Nearly 100 per cent of surgeries postponed in British Columbia during the first, second and third waves of the pandemic have now been completed.
In a Tuesday briefing, Health Minister Adrian Dix said 99.8 per cent of surgeries postponed in the first wave, and 94.2 per cent of those postponed in the second and third waves, are done.
“I think it’s worth of pause by all of us to think of just how welcome this news is for patients across B.C., for the family and friends supportive of them, their care and wellbeing, and how much it says about everyone involved in delivering surgeries,” said Dix.
Close to half of operations postponed in waves four and five have also been completed.
Provincial health authorities across the province have reported more than 6,400 surgeries were performed between Jan. 30 and Feb. 5.
It’s a significant dent into the 8,025 surgeries postponed due to the pandemic and extreme weather events between Sept. 5, 2021 and the end of February.
“In that it reminds us our work is not done, these achievements demonstrate again all that is possible, of the progress that is ours to make,” said Dix.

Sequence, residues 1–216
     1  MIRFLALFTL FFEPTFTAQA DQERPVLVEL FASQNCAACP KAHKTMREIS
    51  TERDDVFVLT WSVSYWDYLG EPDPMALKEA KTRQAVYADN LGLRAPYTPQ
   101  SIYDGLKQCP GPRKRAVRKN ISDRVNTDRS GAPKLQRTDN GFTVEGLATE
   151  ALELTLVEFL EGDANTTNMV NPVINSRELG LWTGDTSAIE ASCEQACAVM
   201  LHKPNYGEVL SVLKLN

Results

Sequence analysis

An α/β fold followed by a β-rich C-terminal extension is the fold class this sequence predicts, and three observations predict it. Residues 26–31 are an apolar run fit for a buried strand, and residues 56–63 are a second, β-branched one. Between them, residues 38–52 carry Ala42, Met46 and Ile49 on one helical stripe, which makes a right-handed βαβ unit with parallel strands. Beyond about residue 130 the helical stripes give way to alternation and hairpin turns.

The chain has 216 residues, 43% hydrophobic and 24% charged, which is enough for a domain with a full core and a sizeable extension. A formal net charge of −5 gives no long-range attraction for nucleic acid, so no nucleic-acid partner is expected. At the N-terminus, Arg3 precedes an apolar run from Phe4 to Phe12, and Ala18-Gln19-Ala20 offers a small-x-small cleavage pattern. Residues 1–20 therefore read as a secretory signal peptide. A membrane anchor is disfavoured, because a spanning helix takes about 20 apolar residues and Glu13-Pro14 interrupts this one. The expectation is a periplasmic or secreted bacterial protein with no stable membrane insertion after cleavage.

Surgeries continue to be postponed in B.C. on a smaller scale than previous months, he added, as hospitalizations due to COVID-19 decrease, relieving pressure on the health-care system.
Last week, 99 scheduled “non-urgent” surgeries were delayed — two in Fraser Health, 92 in Interior Health, one in Vancouver Coastal Health, two in Northern Health, and two in the Provincial Health Services Authority.
In the Tuesday briefing, provincial health officer Dr. Bonnie Henry said transmission of COVID-19 remains widespread in the province, and she encouraged anyone who is unvaccinated to book a first dose.
Forty-seven per cent of patients in B.C. intensive care units due to COVID-19 are not immunized, she said. There are more vaccinated people in hospitals with COVID-19 than unvaccinated people, she explained, due to statistical likelihood as the vast majority of British Columbians are immunized.